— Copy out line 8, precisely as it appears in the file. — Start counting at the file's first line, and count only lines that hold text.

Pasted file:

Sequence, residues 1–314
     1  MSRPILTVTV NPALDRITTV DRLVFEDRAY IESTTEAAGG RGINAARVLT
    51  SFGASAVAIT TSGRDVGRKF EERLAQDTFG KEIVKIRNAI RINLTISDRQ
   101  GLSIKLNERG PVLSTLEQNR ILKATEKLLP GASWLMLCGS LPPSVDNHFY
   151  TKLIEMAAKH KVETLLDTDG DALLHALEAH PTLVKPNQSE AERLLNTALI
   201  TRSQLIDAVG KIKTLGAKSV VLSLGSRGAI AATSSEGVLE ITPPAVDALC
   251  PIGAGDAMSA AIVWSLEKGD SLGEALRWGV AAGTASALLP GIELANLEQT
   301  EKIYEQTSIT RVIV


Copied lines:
   301  EKIYEQTSIT RVIV